Greater Houston Partnership v. Greg Abbott, Texas Attorney General, and Jim Jenkins--Appeal from 98th District Court of Travis County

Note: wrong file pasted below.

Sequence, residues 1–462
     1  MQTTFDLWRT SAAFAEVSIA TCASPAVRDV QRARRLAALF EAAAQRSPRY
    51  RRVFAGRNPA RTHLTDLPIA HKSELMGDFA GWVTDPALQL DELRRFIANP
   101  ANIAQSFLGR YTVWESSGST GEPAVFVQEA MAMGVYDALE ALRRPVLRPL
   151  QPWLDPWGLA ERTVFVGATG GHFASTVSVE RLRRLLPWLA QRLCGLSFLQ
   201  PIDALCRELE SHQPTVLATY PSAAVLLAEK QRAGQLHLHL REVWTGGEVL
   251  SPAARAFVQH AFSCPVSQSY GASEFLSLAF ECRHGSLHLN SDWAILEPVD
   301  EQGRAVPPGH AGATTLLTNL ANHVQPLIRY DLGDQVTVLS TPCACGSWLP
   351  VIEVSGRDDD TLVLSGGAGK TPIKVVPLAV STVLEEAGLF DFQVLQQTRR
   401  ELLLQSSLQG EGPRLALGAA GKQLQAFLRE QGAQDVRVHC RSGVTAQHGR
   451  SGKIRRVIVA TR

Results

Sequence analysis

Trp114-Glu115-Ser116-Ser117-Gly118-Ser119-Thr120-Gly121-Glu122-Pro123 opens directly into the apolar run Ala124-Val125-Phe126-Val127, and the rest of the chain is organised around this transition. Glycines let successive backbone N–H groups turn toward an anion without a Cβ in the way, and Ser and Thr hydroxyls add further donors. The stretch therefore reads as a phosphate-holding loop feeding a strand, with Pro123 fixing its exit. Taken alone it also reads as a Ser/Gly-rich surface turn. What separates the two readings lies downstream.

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TEXAS COURT OF APPEALS, THIRD DISTRICT, AT AUSTIN NO. 03-11-00130-CV Greater Houston Partnership, Appellant v. Greg Abbott, Texas Attorney General; and Jim Jenkins, Appellees FROM THE DISTRICT COURT OF TRAVIS COUNTY, 98TH JUDICIAL DISTRICT NO. D-1-GN-08-004378, HONORABLE SCOTT H. JENKINS, JUDGE PRESIDING OPINION In this case, we decide whether appellant Greater Houston Partnership (GHP) is supported, in whole or in part, by public funds such that it is a governmental body subject to disclosure of information under the Texas Public Information Act (PIA). See Tex. Gov t Code Ann. § 552.003(1) (West 2012); see generally §§ 552.001 .353 (West 2012) (provisions of the PIA). GHP appeals from the district court s final judgment finding that GHP s contract with the City of Houston makes it a governmental body under the PIA and ordering GHP to disclose its 2007 and 2008 check registers to appellee Jim Jenkins, a member of the public who requested the information under the PIA. We will affirm the district court s judgment. FACTUAL AND PROCEDURAL BACKGROUND GHP is a Texas nonprofit corporation that describes itself as being akin to a chamber of commerce for a ten-county area centered around the City of Houston, Texas. Its corporate purpose, as set forth in its articles of incorporation, is the promotion of the economic stability and growth of the Houston area, maintaining a chamber of commerce for the purpose of promoting the public interest in the Houston area, acquiring, preserving, and disseminating valuable business information, and generally promoting and assisting the improvement of commercial, industrial, agricultural, civic, and cultural affairs of the Houston area. It describes its principal objective as build[ing] regional economic prosperity, by facilitat[ing] relocations and expansions in the Houston area; international outreach initiatives such as business development missions outside the U.S. and receiving foreign trade delegations; and strategic planning. According to GHP, it has an annual operating budget of approximately $11.7 million, the bulk of which comes from its 2,100 member companies, but it also receives public funds to provide research, advertising, and economic development services to the City of Houston, Harris County, Port of Houston Authority, and The Woodlands. GHP maintains that those public funds are payments for services rendered pursuant to contract. Of particular relevance to this case are two of GHP s contracts with the City of Houston, roughly covering the years 2007 and 2008, under which the City of Houston paid GHP $1.67 million in public funds. Under the terms of these contracts, GHP agrees to improve the economic prosperity of Houston and the Houston Airport System (HAS) by performing the following broadly stated scope of services: 1. Identifying new business opportunities, securing economic incentives, and increasing outreach and recruitment activities to the region s targeted key industries to strengthen the City of Houston as a competitive place to do business. 2. Conducting qualitative and quantitative research to assist HAS and the City of Houston s convention and visitor s bureau with their marketing efforts. 2 3. Supporting and coordinating HAS on a comprehensive marketing program to develop new air routes and international business. 4. Promoting HAS stories in international markets and highlighting HAS efforts to provide airports allowance for expansion and ease of transportation. 5. Coordinating on matters of mutual interest before the United States Congress, federal agencies, the Texas State Legislature, and Texas agencies. 6. Providing the City of Houston with full membership and exclusive benefits as a general partner of GHP. 7. Providing the City of Houston with tables/tickets to various events. In return for these services, the City of Houston paid GHP $196,250 per quarter, or $785,000 total, under the 2007 contract and $221,250 per quarter, or $885,000 total, under the 2008 contract. In May 2008, Jenkins submitted a public-records request to GHP seeking a copy of GHP s check register for all checks issued for the year 2007, including the number, date, payee, and amount for each check listed. GHP denied that it was a governmental body subject to the PIA such that it had to comply with Jenkins s request and referred the matter to appellant, the Texas Attorney General (Attorney General), whose office is responsible for processing challenges to open-records requests under the PIA. See Tex. Gov t Code Ann. § 552.306. GHP did not object to the breadth of Jenkins s request or seek to narrow its scope. The Attorney General s Open Records Division issued a letter ruling in February 2008 finding that GHP fell within the PIA s definition of governmental body and, as a result, that the information requested by Jenkins was subject to disclosure under the PIA as public information.1 1 During the pendency of the district-court litigation discussed in more detail below, Jenkins filed an identical open-records request with the Attorney General s office for GHP s 2008 check register. This second request was eventually incorporated into the underlying litigation. 3 In response to the Attorney General s letter ruling, GHP filed this suit against the Attorney General seeking declaratory judgment that GHP is not a governmental body under the PIA, that the Attorney General has no jurisdiction over GHP, and that the Attorney General s letter ruling that GHP is a governmental body under the PIA is incorrect and without force. Jenkins, the requestor, subsequently intervened in the case. After a bench trial, the district court found that GHP received public funds from the City of Houston to provide economic development and promotion services, that GHP and the City of Houston shared the common purpose or objective of economic development and promotion, and that the contract between GHP and the City of Houston created an agency-type relationship. Based on these findings, the district court concluded that GHP was supported by public funds, that GHP was a governmental body under the PIA, and that the requested information was public information subject to disclosure under the PIA. The district court then rendered a take-nothing judgment against GHP and ordered GHP to disclose the requested information to Jenkins. It is from this judgment that GHP appeals. ANALYSIS GHP brings two issues on appeal. The first challenges the district court s finding that GHP is a governmental body required to disclose public records under the PIA. Specifically, GHP asserts that the district court failed to follow traditional rules for construing GHP s contracts and erred in finding that GHP s 2007 and 2008 contracts with the City of Houston made GHP an agent of the City of Houston that is supported with public funds and whose internal check registers are subject to public disclosure. The district court should have focused, GHP asserts, on whether GHP, based on its contracts to provide services to the City of Houston, was supported in whole or in part by public funds. See Tex. Gov t Code Ann. § 552.003(1)(A)(xii) (emphasis added by GHP). 4 In its second issue, argued in the alternative, GHP contends that even if it was a governmental body subject to the PIA when the records at issue were created in 2007 and 2008, it was no longer a governmental body by the time the district court issued its final judgment because it had by that time renegotiated its contract with the City of Houston, and its new contract included provisions that modified the parties relationship to, according to GHP, make it clear that GHP is not subject to the PIA. Thus, GHP argues, the court had no jurisdiction to order GHP to disclose its records. Standards of review Whether an entity is a governmental body under section 552.003 of the PIA is a matter of statutory construction that we review de novo. Texas Ass n of Appraisal Dists., Inc. v. Hart, 382 S.W.3d 587, 590 (Tex. App. Austin 2012, no pet.) (citing City of Garland v. Dallas Morning News, 22 S.W.3d 351, 357 (Tex. 2000) (noting that matters of statutory construction are legal questions, and specifically that whether information is subject to PIA is a question of law)); see State v. Shumake, 199 S.W.3d 279, 284 (Tex. 2006) (holding that statutory construction is a matter of law, which is reviewed de novo). Our primary objective in statutory construction is to give effect to the Legislature s intent. See Shumake, 199 S.W.3d at 284. We seek that intent first and foremost in the statutory text. Lexington Ins. Co. v. Strayhorn, 209 S.W.3d 83, 85 (Tex. 2006). We use statutory definitions provided. See Tex. Gov t Code Ann. § 311.011(b) (West 2005). Where statutory text is clear, it is determinative of legislative intent unless the plain meaning of the statute s words would produce an absurd result. See Entergy Gulf States, Inc. v. Summers, 282 S.W.3d 433, 437 (Tex. 2009). Only when statutory text is susceptible to more than one reasonable interpretation is it appropriate to look beyond its language for assistance in determining legislative intent. See In re Smith, 333 S.W.3d 582, 586 (Tex. 2011). In construing the PIA we give due consideration to 5 Attorney General decisions, even though they are not binding, because the Legislature has directed the Attorney General to determine whether records must be disclosed pursuant to the PIA. See Tex. Gov t Code Ann. §§ 552.008(b-2), .301, .306 (requiring Attorney General to render decisions regarding PIA); Hart, 382 S.W.3d at 591 (citing Abbott v. City of Corpus Christi, 109 S.W.3d 113, 121 (Tex. App. Austin 2003, no pet.); Rainbow Grp. Ltd. v. Texas Emp t Comm n, 897 S.W.2d 946, 949 (Tex. App. Austin 1995, writ denied)). The Texas Legislature promulgated the PIA with the express purpose of providing the public complete information about the affairs of government and the official acts of public officials and employees. Tex. Gov t Code Ann. § 552.001(a); Jackson v. State Office of Admin. Hearings, 351 S.W.3d 290, 293 (Tex. 2011) (citing City of Garland, 22 S.W.3d at 355 56); Hart, 382 S.W.3d at 591. The PIA is aimed at preserving a fundamental tenet of representative democracy: that the government is the servant and not the master of the people. Tex. Gov t Code Ann. § 552.001(a); Jackson, 351 S.W.3d at 293. At its core, the PIA reflects the public policy that the people of Texas insist on remaining informed so that they may retain control over the instruments they have created. Tex. Gov t Code Ann. § 552.001(a); see Jackson, 351 S.W.3d at 293 (citing Texas Comptroller of Pub. Accounts v. Attorney Gen. of Tex., 354 S.W.3d 336, 343 (Tex. 2010)). To that end, the PIA directs that it be liberally construed in favor of disclosure of requested information. See Tex. Gov t Code Ann. § 552.001; Jackson, 352 S.W.3d at 293 (citing City of Garland, 22 S.W.3d at 356). GHP s assertion that it is not a governmental body Under the PIA, public information is available to all members of the public. See Tex. Gov t Code Ann. §§ 552.001, .021, .221(a). Public information is defined in the PIA as 6 information that is collected, assembled, or maintained under a law or ordinance or in connection with the transaction of official business . . . by a governmental body. Id. § 552.002(a)(1). Governmental body, in turn, is defined in part as the part, section, or portion of an organization, corporation, commission, committee, institution, or agency that spends or that is supported in whole or in part by public funds. See id. § 552.003(1)(A)(xii). On appeal, GHP contends that the City of Houston s payments of public funds to GHP did not support GHP as required by this definition of governmental body ; thus, our inquiry here turns largely on construction of the phrase supported in whole or in part by public funds. See id. Seeking the Legislature s intent first and foremost in the plain meaning of the PIA s words proves surprisingly troublesome in this context. As we recently noted in Hart, the meanings of the word supported are so broad and varied that any private entity that receives any public funds can be said to be, at least in part, supported by those public funds. See Hart, 382 S.W.3d at 591 92. Such an interpretation, however, would lead to absurd results in the context of the PIA: privately controlled and operated organizations would be subject to disclosure under the PIA simply because those organizations performed services or provided goods under bona fide government contracts. Surely the Legislature did not intend to extend PIA obligations to, for example, the vendor who sells paper to a governmental agency, even if the revenue from such sales entirely supported the vendor s business.2 2 As we noted in Hart, the Texas Attorney General and the Fifth Circuit have agreed that simply receiving public funds does not make a private entity a governmental body under the PIA. See Texas Ass n of Appraisal Dists., Inc. v. Hart, 382 S.W.3d 587, 593 (Tex. App. Austin 2012, no pet.) 7 At the other end of the spectrum are arguments that support requires some magnitude of support from public funds not specified in the text of the PIA. The dissent would interpret the phrase in such a way as to not require public disclosure unless the entities receiving the public funds were created or exist to carry out governmental functions and whose existence are maintained in whole or in part with public funds. Similarly, GHP argues that support should be construed to require that the receiving organization s existence or subsistence be based upon the receipt of public funds. While these suggested interpretations may seem reasonable in some contexts, we do not find support for them in the text of the PIA, which makes no mention of a requirement that public funds must be a vital component of the existence or maintenance of the outside entity. The Legislature could have, but did not, articulate a quantitative level to which public funds must support the entity in question before the public has the right to information about how public funds are being spent.3 Further, interpreting the PIA in such a way would narrow the scope of the entities to which it applies, undermining the PIA s express purpose of providing the public with complete information about the affairs of government, which includes information regarding how public funds are expended. See Tex. Gov t Code Ann. § 552.001(providing that it is the policy of this state that each person is entitled, unless otherwise expressly provided by law, at all times to complete information about the affairs of government and the official acts of public officials and employees ). For these reasons and as we held in Hart, we conclude here that the PIA s use 3 While appellant argues on this record that disclosure should not be required because the public funds only make up a small portion of the entity s support, the Legislature provided that PIA disclosure applies only to the part, section, or portion of an organization, corporation, commission, committee, institution, or agency that spends or that is supported in whole or in part by public funds. See Tex. Gov t Code Ann. § 552.003(1)(A)(xii) (West 2012) (defining governmental body ). In the instant case, GHP has neither sought to segment its disclosure or established a record on which such a distinction could be made. 8 of the term support in the definition of a governmental entity is subject to more than one reasonable meaning. When statutory text is ambiguous, we may resort to rules of construction or statutory aids, including deference to an administrative agency s construction of the statute if that construction is reasonable. See Texas Citizens, 336 S.W.3d at 624 25 (agency deference); Entergy, 282 S.W.3d at 437 (rules of construction and statutory aids). This deference is especially applicable here because the Legislature requires the Attorney General to determine whether records must be disclosed pursuant to the PIA. See Tex. Gov t Code Ann. § 552.306; Abbott, 109 S.W.3d at 121; Rainbow, 897 S.W.2d at 949; see also Texas Citizens, 336 S.W.3d at 624 (noting that we give serious consideration and some deference to agency s interpretation of a statute it is charged with enforcing so long as that construction is reasonable and does not conflict with the statute s language ). Since 1988, Texas Attorney General opinions and open-records letter rulings addressing the definition of governmental body under section 552.003(1)(A)(xii) have relied heavily on the analytical framework supplied by the federal Fifth Circuit Court of Appeals in Kneeland v. National Collegiate Athletic Ass n, 850 F.2d 224 (5th Cir. 1988). See, e.g., Tex. Att y Gen. Op. No. GA 0666 (2008); Tex. Att y Gen. Op. No. GA 0603 (2008); Tex. Att y Gen. OR2012 11220; Tex. Att y Gen. OR2001 4849; Tex. Att y Gen. LO 97 017 (1997). The Fifth Circuit created this framework by reviewing the Attorney General s pre 1988 opinions on this issue, analyzing whether a private entity receiving public funds is a governmental body for PIA purposes. See Kneeland, 850 F.2d at 228 (reviewing Tex. Att y Gen. No. ORD 1, Tex. Att y Gen. No. JM 821 (1987), Tex. Att y Gen. No. ORD 228 (1979)). Kneeland s reliance on and adherence 9 to Attorney General opinions makes it a useful framework for our analysis here. See Abbott, 109 S.W.3d at 121 (noting that deference to Attorney General is especially appropriate in PIA cases). While appellant and the dissent criticize Kneeland, we feel it provides a workable, though not perfect, framework for analyzing when a recipient of public funds should bear the obligation under the PIA to answer to the public as to how those funds are spent. More importantly, under principles of deference to agency action, it is a reasonable construction of governmental body. The Kneeland test In Kneeland, the Fifth Circuit first noted that a private entity is not a governmental body under the PIA simply because [it] provides specific goods or services under a contract with a government body. See Kneeland, 850 F.2d at 228 (quoting Tex. Att y Gen. No. ORD-1). It then described what it determined were the three fact situations in which the Attorney General had historically determined that a private entity receiving public funds was a governmental body subject to disclosure under the PIA. From those three fact situations come what is now referred to as the Kneeland test: An entity receiving public funds is treated as a governmental body under the PIA 1. unless the private entity s relationship with the government imposes a specific and definite obligation to provide a measurable amount of service in exchange for a certain amount of money as would be expected in a typical arms-length contract for services between a vendor and purchaser; 2. if the private entity s relationship with the government indicates a common purpose or objective or creates an agency-type relationship between the two; or 3. if the private entity s relationship with the government requires the private entity to provide services traditionally provided by governmental bodies. 10 See id. We agree with the Fifth Circuit s analysis of pre-1988 Attorney General opinions on this issue, but more importantly, the Attorney General agrees and has adopted the Kneeland analysis and framework as its own. Accordingly, we will analyze GHP s relationship with the City of Houston under the Kneeland framework as adopted by the Attorney General. See Hart, 382 S.W.3d at 593 94 (adopting Kneeland test). 1. Specific and definite obligation to provide a measurable amount of service The Attorney General has emphasized that Kneeland s first inquiry is the primary consideration for determining whether a private entity is a governmental body. See Tex. Att y Gen. No. GA-0666 (2008). This primary inquiry examines the obligation created by the relationship between the private entity and the governmental body. In this case, some of the provisions in the contract between GHP and the City of Houston impose specific and definite obligations on GHP to provide a measurable amount of service. For example, GHP must complete ten signature events, which are defined as outbound recruiting trips and inbound site consultant familiarization tours ; organize and promote the State of the Airport luncheon ; support two outbound businessdevelopment missions; and provide the City of Houston with specific GHP membership benefits. But GHP s major obligations under the contract are not specific, definite, or tied to a measurable amount of service for a certain amount of money. For example, the contract requires GHP to ¢ Identify new business opportunities, secure economic incentives and increase outreach and recruitment activities to the region s targeted key industries to strengthen the City of Houston as a competitive place to do business; ¢ partner with the airport system to recruit, relocate, and expand business which supports the master plan, and to identify business incentives available in both public and private sectors; 11 ¢ make its research capabilities available to the City of Houston s convention and entertainment facilities department and its convention and visitor s bureau for marketing reports; ¢ support and coordinate with HAS to develop new air routes, stimulate increased international trade and business for Houston companies; ¢ promote HAS stories in international markets and highlight HAS efforts to provide airports allowance for expansion and ease of transportation; ¢ coordinate on matters of mutual interest before the U.S. Congress, federal agencies, the Texas Legislature, and Texas agencies; and ¢ assist the City of Houston s mayor, should she ask for help, with advancing various Economic Development and Marketing Initiatives. Although some of these seemingly aspirational provisions also list specific tasks to be performed in furtherance of the stated obligation, those tasks are not measurable or limited in any way. In other words, GHP may be required to perform additional, unlisted tasks in furtherance of its overall general aspirational obligations. Further, none of GHP s obligations under the contract are done in exchange for a certain amount of money; rather, GHP is paid the same amount on a quarterly basis regardless of whether or how much it does in furtherance of the contract s goals. To that extent the overall impression is that GHP s obligations under the contract with the City of Houston lack a definite structure. This is in contrast, for example, to a contract that requires an entity to provide measurable services, such as to clean state offices or provide office supplies to the governmental body in exchange for a certain amount of money. GHP argues that it received public funds, not as support, but as a quid pro quo exchange for services. But even if this characterization is accurate, GHP s argument assumes that support can exist only in the absence of quid pro quo. We find no support in the PIA, the Attorney General opinions, or Kneeland for that proposition. Further, while Kneeland noted that the 12 organization s members had received a quid pro quo, in sufficiently identifiable and measurable quantities of services, for any public fund expenditures, the focus was not on the quid pro quo, but on the fact that there was sufficiently identifiable and measurable quantities of services. See Kneeland, 850 F.2d at 230. In sum, we cannot say that overall the contract here imposes specific and definite obligations on GHP to provide a measurable amount of services to the City of Houston in exchange for a certain amount of money, as would be expected in a typical arms-length contract for services between a vendor and purchaser. Thus, we must conclude that GHP is supported in whole or in part by public funds. See Tex. Att y Gen. No. GA-0666. 2. Common purpose or objective Even if GHP s relationship with the City of Houston did not meet the primary prong of the Kneeland test, it clearly meets the second prong i.e., it indicates a common purpose or objective. The trial court specifically found that, Under the contract, GHP and the City of Houston shared the common purpose or objective of economic development and promotion. The Houston contract obligates GHP to perform services for or on behalf of the City of Houston in support of the goals, visions, and objectives of GHP s Strategic Plan, which is, generally stated, directed at making the City of Houston attractive to companies and helping Houston companies sell their products and services overseas. Further, the contract obligates GHP to advocate for the City of Houston s federal and state legislative agendas and incorporate those agendas into GHP s agenda i.e., GHP must make the City of Houston s legislative objectives its own. GHP counters that it is not supported by public funds because there is no agency relationship between it and the City of Houston. We would note that the district court found 13 otherwise: In a letter to the parties explaining its judgment, the district court explained that it found that there was an agency relationship based on several factors, including that GHP was required to replace any of its employees deemed unsatisfactory by the City of Houston or HAS; GHP had to execute a ten-year strategic plan identified by the Houston mayor; confidentiality was required by both parties; GHP had to manage the City of Houston s responsibilities with the Permanent Secretariat of the World Energy Cities Partnership;4 and GHP had to coordinate on matters of mutual interest before various federal and state bodies. The trial court also specifically found and concluded in its findings of fact and conclusions of law that, Under the contract, an agency-type relationship was created between GHP and the City of Houston. But even if we assume that there is no agency relationship here, this factor is only one element of the second prong of the Kneeland test and, importantly, is described as being in the alternative to a common purpose or objective: [A] contract or relationship that involves public funds and that indicates a common purpose or objective or that creates an agency-type relationship between a private entity and a public entity will bring the private entity within . . . the definition of a governmental body. Kneeland, 850 F.2d at 228 (quoting Tex. Att y Gen. No. JM-821) (emphasis added). Here, as described above, the contract and the relationship indicate common purposes. For that reason, we need not address whether there is an agency relationship or GHP s complaint that no court or Attorney General opinion has explained how an agency relationship is relevant to our inquiry here. 4 The World Energy Cities Partnership is a non-profit organization whose members are globally recognized as international energy capitals. See World Energy Cities Partnership, http://www.energycities.org/about (last visited January 24, 2013). 14 Rather, based on the examples described above, we conclude that GHP s relationship with the City of Houston evidences common purposes and objectives sufficient to satisfy the second prong of the Kneeland test. 3. Traditional government services The last prong of the Kneeland test asks if the private entity s relationship with the government requires the private entity to provide services traditionally provided by governmental bodies. Our review of the record shows at least three obligations that we consider responsive to this question. The first is GHP s obligation to take over the City of Houston s responsibilities as the Permanent Secretariat of the World Energy Cities Partnership. The second is GHP s ability to appoint its members to serve on HAS (Houston Airport System) task forces responsible for reviewing HAS s requests for proposal for airport concessions and services. And the third is GHP s obligation to execute a ten-year strategic plan identified in the Mayor s Task Force Report on Economic Development. Further, the overall purpose of this contract involves the economic development of a metropolitan area, a task which itself is considered by some to be a function of the government. Thus, while perhaps not a large aspect of its obligations, GHP does take on duties that would be more traditionally tasked to governmental bodies. Based on our determination that GHP s relationship with the City of Houston fails the primary prong of the Kneeland test i.e., it does not impose a specific and definite obligation to provide a measurable amount of service in exchange for a certain amount of money as would be expected in a typical arms-length contract for services between a vendor and purchaser in addition to the fact that GHP s relationship satisfies the other Kneeland factors, GHP is an entity that is 15 supported, in whole or in party by public funds. As such, we hold that GHP is a governmental body for purposes of the disclosure of public information under section 552.003 of the PIA. We overrule GHP s first issue on appeal. Jurisdiction In its second issue, argued in the alternative, GHP asserts that we do not have jurisdiction over it in this case because GHP is not presently a governmental body under the PIA. Specifically, GHP argues that even if its 2007 and 2008 contracts with the City of Houston made it a governmental body under the PIA, those contracts, and thus GHP s relationship with the City of Houston, were modified after that time such that it can no longer be considered a governmental body under the PIA. As a result, GHP argues, the courts have no jurisdiction to order GHP to disclose its records because the PIA only gives the authority to direct current governmental bodies to disclose public records. Without addressing whether GHP s current relationship with the City of Houston makes it a governmental body under the PIA, we would simply note that the PIA makes public information available to the public and gives the courts the authority to order the disclosure of that public information. See Tex. Gov t Code Ann. §§ 552.021, .321, .3215. Public information is information that is collected, assembled, or maintained . . . by a governmental body. See Tex. Gov t Code Ann. § 553.002(a)(1). GHP collected, assembled, or maintained information while it was, as we have determined it to be for PIA purposes, a governmental body in 2007 and 2008. That information is, therefore, public information subject to the PIA and, in turn, court-ordered disclosure. Interpreting the PIA s provisions to apply only to entities that can be considered governmental bodies at the time disclosure is ordered would defeat the PIA s overarching purpose of making public information available to the public. The fact that an entity can change or 16 try to change its nature should not make public information inaccessible to the public. Accordingly, we hold that the relevant inquiry here is not whether the entity is a governmental body at the time of the court-ordered disclosure, but rather whether the information sought is public information as defined by the PIA. We overrule GHP s second issue on appeal. CONCLUSION Having overruled both of GHP s issues on appeal, we affirm the district court s judgment. __________________________________________ Jeff Rose, Justice Before Chief Justice Jones, Justices Pemberton and Rose; Dissenting Opinion by Chief Justice Jones Affirmed Filed: January 31, 2013 17